Many of the mainstays were also actively hiring this past month, among them Amazon, Apple, Intel, Verizon, Salesforce, Google, VMware, and Cisco, he said.

"One other factor to keep in mind," Herbert said, "because of the demand for tech talent across many industry sectors outside of tech, a displaced software engineer, for example, could end up transitioning into a job in the financial, healthcare, or other sector."

Demand for Senior IT Pros Still Strong — and Growing

Another factor contributing to the confusion is the common practice in the tech space for companies to be simultaneously hiring and shedding workers, according to Herbert.

"Companies routinely shift workers or hire workers in new growth areas, while cutting back on legacy or slow growth areas of the business," he said. "Some of the companies above have announced layoffs or hiring freezes recently, but they also continue to hire in strategically important areas."

John Bambenek, principal threat hunter at Netenrich, a security and operations analytics SaaS company, points out the tech industry, like any other industry, isn't immune to economic headwinds.

"Even in cybersecurity, we have seen a number of recent layoffs," he noted. "That being said, the time on the bench is usually much less for tech workers looking for work."

From Bambenek's perspective, the biggest trend that could negatively affect IT pros is outsourcing.

"But even then, not enough jobs are being outsourced to outstrip the increase in demand here in the U.S.," he said.

Absent a significant economic downturn, the IT job market is only getting better, according to Bambenek.

"The job market thrived during the pandemic when others significantly declined, and if the IT job market could survive the COVID shutdown, it will remain robust," he said.

Matthew Warner, CTO and co-founder at Blumira, a provider of automated threat detection and response technology, agrees that technology is growing in need and application across all industries.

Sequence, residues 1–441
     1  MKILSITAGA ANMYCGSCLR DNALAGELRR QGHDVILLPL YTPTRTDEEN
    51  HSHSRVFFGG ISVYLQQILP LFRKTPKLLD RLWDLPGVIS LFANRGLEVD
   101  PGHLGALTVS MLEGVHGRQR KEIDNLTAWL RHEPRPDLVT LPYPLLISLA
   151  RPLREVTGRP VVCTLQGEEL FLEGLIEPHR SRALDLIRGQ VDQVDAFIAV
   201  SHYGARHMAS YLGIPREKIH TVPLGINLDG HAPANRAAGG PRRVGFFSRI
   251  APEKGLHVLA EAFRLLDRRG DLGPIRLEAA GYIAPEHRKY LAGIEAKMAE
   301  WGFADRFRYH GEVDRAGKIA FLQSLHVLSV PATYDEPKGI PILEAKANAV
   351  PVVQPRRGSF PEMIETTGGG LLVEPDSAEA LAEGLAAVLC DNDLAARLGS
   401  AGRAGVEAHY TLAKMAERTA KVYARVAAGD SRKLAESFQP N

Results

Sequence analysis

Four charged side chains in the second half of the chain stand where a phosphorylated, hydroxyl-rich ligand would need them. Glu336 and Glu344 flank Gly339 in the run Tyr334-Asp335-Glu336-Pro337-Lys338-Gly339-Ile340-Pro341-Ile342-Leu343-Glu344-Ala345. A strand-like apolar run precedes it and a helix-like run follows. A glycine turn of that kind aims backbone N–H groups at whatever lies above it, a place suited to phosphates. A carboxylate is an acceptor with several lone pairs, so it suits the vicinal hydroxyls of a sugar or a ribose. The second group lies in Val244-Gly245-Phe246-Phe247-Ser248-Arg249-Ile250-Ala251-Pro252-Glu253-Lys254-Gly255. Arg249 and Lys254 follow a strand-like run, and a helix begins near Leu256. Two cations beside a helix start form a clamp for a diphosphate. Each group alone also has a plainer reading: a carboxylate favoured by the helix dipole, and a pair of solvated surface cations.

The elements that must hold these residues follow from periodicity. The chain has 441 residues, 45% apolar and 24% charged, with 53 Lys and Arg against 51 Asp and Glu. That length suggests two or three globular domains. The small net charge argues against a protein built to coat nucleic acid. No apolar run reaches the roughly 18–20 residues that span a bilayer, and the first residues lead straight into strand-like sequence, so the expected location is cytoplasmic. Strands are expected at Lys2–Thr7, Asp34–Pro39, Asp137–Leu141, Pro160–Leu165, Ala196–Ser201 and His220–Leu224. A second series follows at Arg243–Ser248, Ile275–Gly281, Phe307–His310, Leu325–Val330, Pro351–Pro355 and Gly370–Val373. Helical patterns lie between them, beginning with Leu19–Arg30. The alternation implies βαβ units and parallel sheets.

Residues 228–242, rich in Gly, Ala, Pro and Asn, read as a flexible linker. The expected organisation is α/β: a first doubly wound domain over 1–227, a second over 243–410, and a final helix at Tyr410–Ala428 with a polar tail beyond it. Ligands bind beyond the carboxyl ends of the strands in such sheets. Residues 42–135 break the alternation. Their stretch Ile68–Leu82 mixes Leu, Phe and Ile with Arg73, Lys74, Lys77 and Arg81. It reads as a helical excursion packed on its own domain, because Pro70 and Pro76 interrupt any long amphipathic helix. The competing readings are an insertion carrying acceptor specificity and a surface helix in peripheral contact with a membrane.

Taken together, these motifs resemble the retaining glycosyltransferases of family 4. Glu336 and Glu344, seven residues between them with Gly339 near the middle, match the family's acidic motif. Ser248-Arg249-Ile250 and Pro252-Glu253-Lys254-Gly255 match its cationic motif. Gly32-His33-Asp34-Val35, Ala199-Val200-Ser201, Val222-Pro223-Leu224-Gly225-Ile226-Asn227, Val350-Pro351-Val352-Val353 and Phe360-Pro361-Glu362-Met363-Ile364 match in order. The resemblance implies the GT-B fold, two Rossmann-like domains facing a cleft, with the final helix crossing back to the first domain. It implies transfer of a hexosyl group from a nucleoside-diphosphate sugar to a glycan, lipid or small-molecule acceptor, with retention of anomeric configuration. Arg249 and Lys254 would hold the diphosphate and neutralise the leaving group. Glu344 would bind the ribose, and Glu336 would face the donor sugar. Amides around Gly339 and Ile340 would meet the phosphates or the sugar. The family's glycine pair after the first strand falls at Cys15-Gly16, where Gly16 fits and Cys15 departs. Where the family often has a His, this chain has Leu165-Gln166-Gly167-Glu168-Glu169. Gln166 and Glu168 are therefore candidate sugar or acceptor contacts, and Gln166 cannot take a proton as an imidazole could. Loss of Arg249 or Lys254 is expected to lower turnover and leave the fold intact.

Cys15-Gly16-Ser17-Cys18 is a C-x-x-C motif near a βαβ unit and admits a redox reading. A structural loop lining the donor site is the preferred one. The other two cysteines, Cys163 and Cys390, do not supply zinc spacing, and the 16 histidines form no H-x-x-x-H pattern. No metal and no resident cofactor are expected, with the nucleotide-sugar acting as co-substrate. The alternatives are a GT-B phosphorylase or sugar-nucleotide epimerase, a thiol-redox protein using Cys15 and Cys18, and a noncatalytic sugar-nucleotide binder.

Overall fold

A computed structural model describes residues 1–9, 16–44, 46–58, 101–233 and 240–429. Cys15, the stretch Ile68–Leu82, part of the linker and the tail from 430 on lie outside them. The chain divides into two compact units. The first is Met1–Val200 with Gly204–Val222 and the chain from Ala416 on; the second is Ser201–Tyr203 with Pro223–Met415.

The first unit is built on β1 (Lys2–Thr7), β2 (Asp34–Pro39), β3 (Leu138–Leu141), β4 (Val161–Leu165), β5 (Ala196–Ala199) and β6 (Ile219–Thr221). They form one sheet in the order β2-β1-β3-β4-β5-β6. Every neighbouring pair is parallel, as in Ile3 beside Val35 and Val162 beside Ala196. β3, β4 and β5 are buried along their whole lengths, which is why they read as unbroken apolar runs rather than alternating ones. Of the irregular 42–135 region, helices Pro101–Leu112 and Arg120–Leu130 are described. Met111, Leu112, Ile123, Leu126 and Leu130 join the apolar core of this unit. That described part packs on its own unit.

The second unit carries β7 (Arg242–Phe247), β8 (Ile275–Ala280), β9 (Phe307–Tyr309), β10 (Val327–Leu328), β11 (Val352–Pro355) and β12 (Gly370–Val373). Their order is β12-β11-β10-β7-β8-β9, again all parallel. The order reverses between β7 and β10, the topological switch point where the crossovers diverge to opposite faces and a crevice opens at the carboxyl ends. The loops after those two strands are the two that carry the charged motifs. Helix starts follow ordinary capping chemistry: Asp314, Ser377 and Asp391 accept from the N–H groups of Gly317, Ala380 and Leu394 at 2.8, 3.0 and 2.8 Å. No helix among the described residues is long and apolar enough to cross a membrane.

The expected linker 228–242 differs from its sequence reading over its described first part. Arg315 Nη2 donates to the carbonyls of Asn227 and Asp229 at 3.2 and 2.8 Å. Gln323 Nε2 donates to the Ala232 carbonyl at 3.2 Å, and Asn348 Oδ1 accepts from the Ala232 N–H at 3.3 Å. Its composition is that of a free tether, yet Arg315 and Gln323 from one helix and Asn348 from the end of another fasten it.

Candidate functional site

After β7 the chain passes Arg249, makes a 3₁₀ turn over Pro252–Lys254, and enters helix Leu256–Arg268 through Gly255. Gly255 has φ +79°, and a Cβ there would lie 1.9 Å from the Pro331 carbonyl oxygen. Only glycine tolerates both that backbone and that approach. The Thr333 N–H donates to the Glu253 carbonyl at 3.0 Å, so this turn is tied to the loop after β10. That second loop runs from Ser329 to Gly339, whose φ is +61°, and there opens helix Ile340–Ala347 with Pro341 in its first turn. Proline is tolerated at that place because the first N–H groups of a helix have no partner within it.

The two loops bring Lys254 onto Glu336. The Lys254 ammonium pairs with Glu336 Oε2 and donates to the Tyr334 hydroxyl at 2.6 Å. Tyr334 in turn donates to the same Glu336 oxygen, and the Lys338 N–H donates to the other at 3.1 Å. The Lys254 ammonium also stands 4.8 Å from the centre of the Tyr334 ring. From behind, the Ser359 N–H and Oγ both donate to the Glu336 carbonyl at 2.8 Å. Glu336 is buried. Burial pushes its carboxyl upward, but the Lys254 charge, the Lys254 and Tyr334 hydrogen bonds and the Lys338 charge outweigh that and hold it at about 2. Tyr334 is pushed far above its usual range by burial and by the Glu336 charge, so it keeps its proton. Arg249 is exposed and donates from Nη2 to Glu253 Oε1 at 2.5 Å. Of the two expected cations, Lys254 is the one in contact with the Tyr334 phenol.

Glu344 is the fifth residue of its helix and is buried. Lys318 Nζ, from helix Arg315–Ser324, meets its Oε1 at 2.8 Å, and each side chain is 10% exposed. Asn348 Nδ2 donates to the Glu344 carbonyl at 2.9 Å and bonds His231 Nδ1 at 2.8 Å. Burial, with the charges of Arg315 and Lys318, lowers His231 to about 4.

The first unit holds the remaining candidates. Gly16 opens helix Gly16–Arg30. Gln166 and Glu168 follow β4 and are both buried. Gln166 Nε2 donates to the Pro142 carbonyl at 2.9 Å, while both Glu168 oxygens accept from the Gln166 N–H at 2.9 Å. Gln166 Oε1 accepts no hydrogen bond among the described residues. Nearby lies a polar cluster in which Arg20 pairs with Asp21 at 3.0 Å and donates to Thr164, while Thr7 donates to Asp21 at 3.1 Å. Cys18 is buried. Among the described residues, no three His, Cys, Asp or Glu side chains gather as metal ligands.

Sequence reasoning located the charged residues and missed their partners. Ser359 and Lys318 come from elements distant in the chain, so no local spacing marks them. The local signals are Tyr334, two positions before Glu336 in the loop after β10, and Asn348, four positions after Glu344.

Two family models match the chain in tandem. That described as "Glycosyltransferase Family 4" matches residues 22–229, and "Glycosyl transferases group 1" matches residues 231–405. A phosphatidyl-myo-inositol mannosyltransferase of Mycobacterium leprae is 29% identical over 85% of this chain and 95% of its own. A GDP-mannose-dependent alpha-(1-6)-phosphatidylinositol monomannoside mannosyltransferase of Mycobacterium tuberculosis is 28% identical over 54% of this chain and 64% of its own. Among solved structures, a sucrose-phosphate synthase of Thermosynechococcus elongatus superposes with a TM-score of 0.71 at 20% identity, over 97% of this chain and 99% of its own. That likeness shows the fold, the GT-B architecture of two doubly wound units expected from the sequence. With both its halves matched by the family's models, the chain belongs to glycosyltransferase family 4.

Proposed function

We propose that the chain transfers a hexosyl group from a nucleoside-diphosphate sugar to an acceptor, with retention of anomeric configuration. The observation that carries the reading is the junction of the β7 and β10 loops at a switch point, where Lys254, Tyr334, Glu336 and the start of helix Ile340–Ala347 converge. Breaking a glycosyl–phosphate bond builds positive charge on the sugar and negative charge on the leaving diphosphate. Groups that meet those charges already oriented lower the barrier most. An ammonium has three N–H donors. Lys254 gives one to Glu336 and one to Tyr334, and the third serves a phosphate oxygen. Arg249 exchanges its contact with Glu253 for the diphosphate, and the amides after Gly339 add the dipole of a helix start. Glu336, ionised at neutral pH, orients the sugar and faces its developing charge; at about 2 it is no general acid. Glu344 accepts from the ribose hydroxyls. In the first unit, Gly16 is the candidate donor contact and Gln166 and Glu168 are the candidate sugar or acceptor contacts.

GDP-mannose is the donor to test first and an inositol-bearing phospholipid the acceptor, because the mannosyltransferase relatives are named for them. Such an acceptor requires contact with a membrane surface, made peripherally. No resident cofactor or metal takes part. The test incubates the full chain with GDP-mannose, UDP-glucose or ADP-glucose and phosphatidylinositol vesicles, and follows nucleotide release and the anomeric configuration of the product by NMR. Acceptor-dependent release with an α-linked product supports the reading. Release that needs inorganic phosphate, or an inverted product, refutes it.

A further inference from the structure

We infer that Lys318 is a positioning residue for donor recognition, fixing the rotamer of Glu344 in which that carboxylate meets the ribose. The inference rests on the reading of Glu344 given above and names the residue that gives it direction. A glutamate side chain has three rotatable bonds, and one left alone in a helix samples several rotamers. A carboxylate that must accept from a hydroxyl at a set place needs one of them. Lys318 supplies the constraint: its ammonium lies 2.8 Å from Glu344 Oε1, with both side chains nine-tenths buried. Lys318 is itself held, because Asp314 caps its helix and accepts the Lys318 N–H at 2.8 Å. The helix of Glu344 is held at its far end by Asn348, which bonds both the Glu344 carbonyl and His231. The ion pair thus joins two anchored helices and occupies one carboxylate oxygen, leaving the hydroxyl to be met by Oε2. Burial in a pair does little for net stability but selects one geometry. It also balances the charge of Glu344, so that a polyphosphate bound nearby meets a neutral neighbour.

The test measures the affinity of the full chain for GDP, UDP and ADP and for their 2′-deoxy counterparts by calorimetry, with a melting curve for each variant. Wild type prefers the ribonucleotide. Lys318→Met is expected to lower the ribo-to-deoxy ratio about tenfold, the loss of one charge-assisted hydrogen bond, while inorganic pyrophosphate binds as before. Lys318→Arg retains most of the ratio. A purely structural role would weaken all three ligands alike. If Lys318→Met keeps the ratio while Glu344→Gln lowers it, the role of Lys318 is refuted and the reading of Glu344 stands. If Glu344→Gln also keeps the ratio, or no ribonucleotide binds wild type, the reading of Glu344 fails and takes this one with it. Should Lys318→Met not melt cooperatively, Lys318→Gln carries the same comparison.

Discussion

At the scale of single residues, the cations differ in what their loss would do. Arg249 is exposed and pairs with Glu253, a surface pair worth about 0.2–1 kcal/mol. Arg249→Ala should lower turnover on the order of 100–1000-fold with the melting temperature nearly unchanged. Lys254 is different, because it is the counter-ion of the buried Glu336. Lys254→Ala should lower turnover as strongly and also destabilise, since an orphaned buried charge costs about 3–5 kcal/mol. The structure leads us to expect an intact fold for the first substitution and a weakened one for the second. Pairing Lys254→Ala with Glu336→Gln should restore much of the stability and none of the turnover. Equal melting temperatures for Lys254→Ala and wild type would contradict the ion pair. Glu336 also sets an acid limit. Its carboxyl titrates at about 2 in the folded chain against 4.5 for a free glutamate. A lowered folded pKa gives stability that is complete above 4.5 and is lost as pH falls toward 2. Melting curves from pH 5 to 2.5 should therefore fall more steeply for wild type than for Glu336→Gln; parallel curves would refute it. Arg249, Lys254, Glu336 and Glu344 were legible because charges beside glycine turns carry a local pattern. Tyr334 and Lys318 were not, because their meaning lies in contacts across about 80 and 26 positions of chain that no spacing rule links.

"Computer literacy and the ability to solve complex problems is needed more than ever as data grows within organizations," he said.

Entry level is still the minority in open positions, he said, as IT candidates who have multiple years of experience are needed more than ever to execute on needs without additional or unnecessary oversight to maintain efficient organizations.

"While there may be some bumps in the road, IT and technical jobs will only continue to grow," Warner predicted. "Similar to now, there will not be enough people to fill these open roles, and there will always be openings for smart IT people."

New Opportunities for IT Pros — and Small Businesses

Remote hiring and the appetite for remote workers remain quite high, especially in the technology sector, which means people are not geographically tied to where they can look for job opportunities, according to Slabinski.

"They can continue to look at remote opportunities across the United States," she said. "But the demand for technology employees is not isolated to geography either."

The headline-grabbing layoffs also perhaps means smaller organizations on the hunt for IT talent might get a second look from a wider pool of applicants.